Sunday, July 23, 2006

Who Killed the Electric Car?

It's been that kind of a summer. A summer full of environmental movies. Recently I saw An Inconvenient Truth. Yesterday I saw Who Killed the Electric Car?. The story of the EV-1, the movie explains the history of the car, the motives behind it, and its eventual demise. The finger for its demise is pointed a number of suspects: consumers who want big cars with long ranges; oil companies who want to control access to the fuels we use in automobiles and hence the profits; carmakers who don't want to be told by governments what kind cars to build; and government agencies who don't have the courage to lead or are hand-in-glove with the big carmakers and the oil companies.

The movie points out that big advances have been made in the science of electricity storage. Meanwhile, the technology that I confess I had been so hopeful for for so long, hydrogen fuel cells, is demonstrated to still be a long way off. There are problems with making it economical, placing the infrastructure to deliver hydrogen fuel to automobiles, and then of course, there's the problem of getting people to adopt the technology in the first place, which as the EV-1 demonstrated, is no mean feat. It's easy to see why the automobile manufacturers would be backing hydrogen fuel technology: it's going to take years to realize, which is just that much longer for them not to have to make any real changes; and for the oil manufacturers, it represents a fuel that they can still hold over our heads, something not readily available to the average person... unlike electricity, which comes directly to our homes through the electrical grid that has existed for a century.

But then, is electricity such a bargain in the first place? The movie doesn't directly addresses this with facts and figures. But I have to suspect, at least is an unqualified layman, that all things considered, it must take less electricity to get an electable car from point A to point B, than it takes to bring the oil out of the ground, transport it to a refinery, refine the oil, and deliver the gasoline to gas stations. I think on the whole, we come out ahead just using electrical cars.

All things considered, I will be keeping an eye out for a viable electrical car in the future. The movie made the point that the average car travels 29 miles in a day. The range of the EV-1 is in the neighborhood of about 100 miles a day, which would suit the needs of most people. It's also capable of traveling at 90 miles an hour, which is more than adequate for most driving needs. I think we all owe it to posterity to consider this alternative... if only it will be presented to us. The big car manufacturers are wrong in saying that there's no demand for this. That they do not want there to be demand for such cars is not the same thing as there being no demand for these cars; they just need to listen, rather than tell.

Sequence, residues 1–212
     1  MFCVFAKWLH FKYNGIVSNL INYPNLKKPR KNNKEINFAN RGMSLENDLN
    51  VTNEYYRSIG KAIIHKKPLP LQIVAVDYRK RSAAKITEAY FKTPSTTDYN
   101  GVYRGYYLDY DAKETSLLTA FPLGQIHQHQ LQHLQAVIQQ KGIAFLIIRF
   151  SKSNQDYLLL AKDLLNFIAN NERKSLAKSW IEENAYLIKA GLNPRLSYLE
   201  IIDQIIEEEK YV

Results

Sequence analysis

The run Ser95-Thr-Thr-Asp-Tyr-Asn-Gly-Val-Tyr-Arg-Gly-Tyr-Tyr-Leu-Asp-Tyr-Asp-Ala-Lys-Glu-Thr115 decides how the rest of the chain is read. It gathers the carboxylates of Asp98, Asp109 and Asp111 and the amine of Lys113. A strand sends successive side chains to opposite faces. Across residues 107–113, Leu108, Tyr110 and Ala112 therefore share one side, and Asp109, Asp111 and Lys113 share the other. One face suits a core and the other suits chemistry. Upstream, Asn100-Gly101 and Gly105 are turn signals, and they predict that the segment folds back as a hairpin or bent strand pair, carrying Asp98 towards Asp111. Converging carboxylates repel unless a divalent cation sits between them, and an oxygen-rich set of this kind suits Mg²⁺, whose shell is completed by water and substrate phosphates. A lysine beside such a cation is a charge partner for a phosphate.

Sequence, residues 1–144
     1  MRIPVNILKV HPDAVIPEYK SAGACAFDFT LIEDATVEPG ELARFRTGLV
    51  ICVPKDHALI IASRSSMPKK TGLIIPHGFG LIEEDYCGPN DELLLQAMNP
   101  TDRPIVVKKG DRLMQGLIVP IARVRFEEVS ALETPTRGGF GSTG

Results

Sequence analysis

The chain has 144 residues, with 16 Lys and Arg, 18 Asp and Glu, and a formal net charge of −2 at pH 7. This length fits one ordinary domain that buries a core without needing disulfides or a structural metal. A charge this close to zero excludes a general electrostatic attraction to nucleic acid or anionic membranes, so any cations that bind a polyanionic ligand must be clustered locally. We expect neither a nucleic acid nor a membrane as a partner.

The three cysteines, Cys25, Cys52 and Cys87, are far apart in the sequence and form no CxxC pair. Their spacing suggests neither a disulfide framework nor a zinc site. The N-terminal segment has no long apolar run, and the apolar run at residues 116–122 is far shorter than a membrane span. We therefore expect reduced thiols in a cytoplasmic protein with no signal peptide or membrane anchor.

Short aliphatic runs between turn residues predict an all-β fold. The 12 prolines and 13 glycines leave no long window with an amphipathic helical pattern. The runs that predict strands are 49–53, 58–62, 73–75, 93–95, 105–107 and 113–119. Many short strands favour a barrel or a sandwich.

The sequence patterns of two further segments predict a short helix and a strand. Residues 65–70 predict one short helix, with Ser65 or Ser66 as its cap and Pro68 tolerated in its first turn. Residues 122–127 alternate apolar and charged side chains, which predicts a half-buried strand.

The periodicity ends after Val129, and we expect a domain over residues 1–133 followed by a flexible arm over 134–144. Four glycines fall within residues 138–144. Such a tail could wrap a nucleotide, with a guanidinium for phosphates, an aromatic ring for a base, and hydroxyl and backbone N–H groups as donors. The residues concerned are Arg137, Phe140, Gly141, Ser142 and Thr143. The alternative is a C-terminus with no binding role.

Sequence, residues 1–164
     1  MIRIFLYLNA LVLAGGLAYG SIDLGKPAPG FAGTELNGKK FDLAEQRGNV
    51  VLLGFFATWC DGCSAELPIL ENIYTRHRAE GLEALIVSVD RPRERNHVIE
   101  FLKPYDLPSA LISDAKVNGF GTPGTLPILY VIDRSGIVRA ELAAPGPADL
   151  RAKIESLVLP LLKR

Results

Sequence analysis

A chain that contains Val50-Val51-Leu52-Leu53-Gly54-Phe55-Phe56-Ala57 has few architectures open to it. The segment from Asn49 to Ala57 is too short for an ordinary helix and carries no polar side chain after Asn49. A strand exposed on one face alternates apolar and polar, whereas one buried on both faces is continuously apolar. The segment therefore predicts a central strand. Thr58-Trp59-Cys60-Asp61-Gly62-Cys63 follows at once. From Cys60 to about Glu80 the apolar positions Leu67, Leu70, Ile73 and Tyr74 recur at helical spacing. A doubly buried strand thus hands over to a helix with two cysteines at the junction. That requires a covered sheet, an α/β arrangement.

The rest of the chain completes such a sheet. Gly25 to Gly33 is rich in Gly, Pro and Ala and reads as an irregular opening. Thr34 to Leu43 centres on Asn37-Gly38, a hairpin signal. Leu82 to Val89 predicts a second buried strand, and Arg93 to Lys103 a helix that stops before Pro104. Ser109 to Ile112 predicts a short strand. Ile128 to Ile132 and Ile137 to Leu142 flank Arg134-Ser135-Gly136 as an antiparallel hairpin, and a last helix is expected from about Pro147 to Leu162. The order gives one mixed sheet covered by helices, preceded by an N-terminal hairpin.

Just as an aside, this is a very first entry in my blog that I've actually dictated with my voice, using Dragon NaturallySpeaking 8. I'm in love with the sound of my own voice. :)


Marcy said...

Hmm, I'm intrigued with the voice-recognition software. Is it expensive? I'd rather talk than type, myself.

Do you have to tell it to put the punctuation in? Or do you go back and edit it yourself?

Lone Primate said...

Hi, Marcy, welcome aboard. :) I picked up Dragon NaturallySpeaking 8 for $149 Canadian. Version 9 just came out for $199 US, but I'll take the bargain. Seems to work pretty well; I'm slowly training it. I have to go back and edit stuff for spelling mistakes even when I type, so why not just save myself the time and typing? I think as time goes on it will become more accurate.

Punctuation... they have an autopuncutation feature that will automatically insert commas and periods, keyed to your natural voice cues. I don't bother with it. I write a fair amount of fiction, and if I'm going to have to get in the habit of saying "open quote" and "semi-colon" and "exclamation point" anyway, I might as well be my own guide for periods and commas.

As far as editing goes, I'm really counting on it just to get my basic thoughts down quickly and easily. When I feel like I've got a good critical mass, I figure I'll go back and brush it up manually. The thing I find hardest is just getting rolling with the ideas. If I can just babble them out and rough it in, I feel I can finesse the broad strokes later.

L-girl said...

Voice-activated software was supposed to put Allan and I out of work. Fortunately, it either never developed enough, or wasn't worth the bother for law firms, since everything would have to be edited anyway.

I know lots of people with disabilities who use it, though, with great effect. Dragon seems to be the preferred app.